Turkey’s main opposition Republican People’s Party has sought an image change ahead of the June 7 general election. The move comes after suffering successive defeats at the hands of the Islamist-rooted AK Party, which has portrayed it as hostile to religion. Dorian Jones reports from the western city of Izmir.
Video

Video Europe Follows US Lead in Tackling ‘Conflict Minerals’

Metals mined from conflict zones in places like the Democratic Republic of Congo are often sold by warlords to buy weapons. This week European lawmakers voted to force manufacturers to prove that their supply chains are not inadvertently fueling conflicts and human rights abuses. Henry Ridgwell reports from London.
Video

Video Class Tackles Questions of Race, Discrimination

Unrest in some U.S. cities is more than just a trending news item at Ladue Middle School in St. Louis, Missouri. As VOA’s Kane Farabaugh reports, it’s a focus of a multicultural studies class engaging students in wide-ranging discussions about racial tensions and police aggression.
Video

Video Mind-Controlled Prosthetics Are Getting Closer

Scientists and engineers are making substantial advances towards the ultimate goal in prosthetics – creation of limbs that can be controlled by the wearer’s mind. Thanks to sophisticated sensors capable of picking up the brain’s signals, an amputee in Iceland is literally bringing us one step closer to that goal. VOA’s George Putic reports.
Video

Video Afghan Economy Sinks As Foreign Troops Depart

As international troops prepare to leave Afghanistan, and many foreign aid groups follow, Afghans are grappling with how the exodus will affect the country's fragile economy. Ayesha Tanzeem reports from the Afghan capital, Kabul.
Video

Video Poverty, Ignorance Force Underage Girls Into Marriage

The recent marriage of a 17-year old Chechen girl to a local police chief who was 30 years older and already had a wife caused an outcry in Russia and beyond. The bride was reportedly forced to marry and her parents were intimidated into giving their consent. The union spotlighted yet again the plight of many underage girls in developing countries. Zlatica Hoke reports poverty, ignorance and fear are behind the practice, especially in Asia and Africa.
Video

Video South Korea Marks Gwangju Uprising Anniversary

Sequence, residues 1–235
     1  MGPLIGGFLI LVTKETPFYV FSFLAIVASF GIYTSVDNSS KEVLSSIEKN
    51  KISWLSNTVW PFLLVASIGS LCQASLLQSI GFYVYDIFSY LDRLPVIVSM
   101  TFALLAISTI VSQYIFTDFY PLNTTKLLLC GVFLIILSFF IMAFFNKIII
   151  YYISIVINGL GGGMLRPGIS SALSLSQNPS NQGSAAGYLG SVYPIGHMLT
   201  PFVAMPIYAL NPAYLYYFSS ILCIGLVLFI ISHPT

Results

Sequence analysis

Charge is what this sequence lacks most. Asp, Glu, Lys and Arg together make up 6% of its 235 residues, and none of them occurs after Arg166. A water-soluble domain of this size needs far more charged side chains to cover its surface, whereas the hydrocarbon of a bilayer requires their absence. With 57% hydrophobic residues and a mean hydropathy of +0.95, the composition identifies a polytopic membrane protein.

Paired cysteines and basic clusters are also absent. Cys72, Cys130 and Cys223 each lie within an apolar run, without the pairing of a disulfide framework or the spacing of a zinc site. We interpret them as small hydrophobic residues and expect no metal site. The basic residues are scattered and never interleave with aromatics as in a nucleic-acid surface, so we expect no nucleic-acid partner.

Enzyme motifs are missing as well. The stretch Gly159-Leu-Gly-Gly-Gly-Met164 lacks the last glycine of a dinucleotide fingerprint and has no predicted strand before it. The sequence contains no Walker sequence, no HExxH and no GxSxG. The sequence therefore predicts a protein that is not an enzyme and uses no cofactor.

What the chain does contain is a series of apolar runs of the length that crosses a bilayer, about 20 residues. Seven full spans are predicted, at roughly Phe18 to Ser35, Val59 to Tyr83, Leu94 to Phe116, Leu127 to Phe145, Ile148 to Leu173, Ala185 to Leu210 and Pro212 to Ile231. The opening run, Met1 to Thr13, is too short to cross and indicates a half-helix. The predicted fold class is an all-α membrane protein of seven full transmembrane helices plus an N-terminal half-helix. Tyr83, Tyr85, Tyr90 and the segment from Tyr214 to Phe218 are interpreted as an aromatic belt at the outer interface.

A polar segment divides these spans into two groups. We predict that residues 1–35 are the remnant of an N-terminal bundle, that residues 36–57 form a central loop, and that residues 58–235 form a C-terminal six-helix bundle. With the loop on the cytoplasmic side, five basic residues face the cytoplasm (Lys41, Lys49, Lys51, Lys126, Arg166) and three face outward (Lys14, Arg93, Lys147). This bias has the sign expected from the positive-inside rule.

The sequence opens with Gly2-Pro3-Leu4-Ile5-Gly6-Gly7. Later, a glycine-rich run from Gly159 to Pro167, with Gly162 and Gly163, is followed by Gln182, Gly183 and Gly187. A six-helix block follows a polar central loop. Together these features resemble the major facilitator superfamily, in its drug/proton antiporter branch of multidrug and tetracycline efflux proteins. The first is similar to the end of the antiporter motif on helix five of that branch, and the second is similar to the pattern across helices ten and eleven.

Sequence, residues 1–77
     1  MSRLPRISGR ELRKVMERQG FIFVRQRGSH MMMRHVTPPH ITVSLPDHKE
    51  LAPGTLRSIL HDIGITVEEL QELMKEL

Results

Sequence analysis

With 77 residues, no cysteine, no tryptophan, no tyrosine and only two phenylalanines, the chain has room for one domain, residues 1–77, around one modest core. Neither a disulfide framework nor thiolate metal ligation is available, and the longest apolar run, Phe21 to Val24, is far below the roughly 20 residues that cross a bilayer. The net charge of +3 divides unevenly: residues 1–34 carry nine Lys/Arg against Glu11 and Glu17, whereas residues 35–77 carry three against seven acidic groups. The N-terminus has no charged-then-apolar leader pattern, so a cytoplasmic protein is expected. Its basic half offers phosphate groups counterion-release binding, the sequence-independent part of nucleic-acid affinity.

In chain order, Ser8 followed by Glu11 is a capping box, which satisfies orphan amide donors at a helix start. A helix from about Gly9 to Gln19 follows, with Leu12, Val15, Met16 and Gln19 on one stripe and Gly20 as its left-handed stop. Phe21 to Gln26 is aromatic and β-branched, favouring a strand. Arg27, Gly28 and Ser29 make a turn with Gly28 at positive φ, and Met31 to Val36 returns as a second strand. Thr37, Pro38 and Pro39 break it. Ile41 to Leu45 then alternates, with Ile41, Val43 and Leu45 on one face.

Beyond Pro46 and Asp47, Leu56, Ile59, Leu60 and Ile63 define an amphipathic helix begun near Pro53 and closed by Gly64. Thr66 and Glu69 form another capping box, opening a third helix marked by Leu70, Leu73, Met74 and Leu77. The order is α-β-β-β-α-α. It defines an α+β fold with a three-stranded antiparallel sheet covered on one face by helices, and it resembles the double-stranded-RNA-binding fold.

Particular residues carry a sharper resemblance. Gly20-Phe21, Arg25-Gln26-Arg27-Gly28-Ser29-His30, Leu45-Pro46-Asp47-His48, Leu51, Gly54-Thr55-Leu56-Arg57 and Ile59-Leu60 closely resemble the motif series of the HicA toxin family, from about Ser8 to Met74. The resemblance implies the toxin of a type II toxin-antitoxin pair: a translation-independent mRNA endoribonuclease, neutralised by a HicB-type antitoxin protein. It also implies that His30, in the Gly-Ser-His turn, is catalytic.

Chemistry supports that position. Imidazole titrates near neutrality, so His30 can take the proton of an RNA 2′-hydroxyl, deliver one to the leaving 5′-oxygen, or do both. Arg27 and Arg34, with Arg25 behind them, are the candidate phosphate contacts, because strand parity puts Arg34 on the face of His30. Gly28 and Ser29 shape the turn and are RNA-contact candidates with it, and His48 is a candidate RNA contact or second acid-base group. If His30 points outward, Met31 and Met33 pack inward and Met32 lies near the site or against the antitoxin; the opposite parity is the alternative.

South Korea this week marked the 35th anniversary of a protest that turned deadly. The Gwangju Uprising is credited with starting the country’s democratic revolution after it was violently quelled by South Korea’s former military rulers. But as Jason Strother reports, some observers worry that democracy has recently been eroded.
Video

Video California’s Water System Not Created To Handle Current Drought

The drought in California is moving into its fourth year. While the state's governor is mandating a reduction in urban water use, most of the water used in California is for agriculture. But both city dwellers and farmers are feeling the impact of the drought. Some experts say the state’s water system was not created to handle long periods of drought. Elizabeth Lee reports from Ventura County, an agricultural region just northwest of Los Angeles.
Video

Video How to Clone a Mammoth: The Science of De-Extinction

An international team of scientists has sequenced the complete genome of the woolly mammoth. Led by the Swedish Museum of Natural History in Stockholm, the work opens the door to recreate the huge herbivore, which last roamed the Earth 4,000 years ago. VOA’s Rosanne Skirble considers the science of de-extinction and its place on the planet
Video

Video Blind Boy Defines His Life with Music

Cole Moran was born blind. He also has cognitive delays and other birth defects. He has to learn everything by ear. Nevertheless, the 12-year-old has had an insatiable love for music since he was born. VOA’s June Soh introduces us to the young phenomenal harmonica player.

VOA Blogs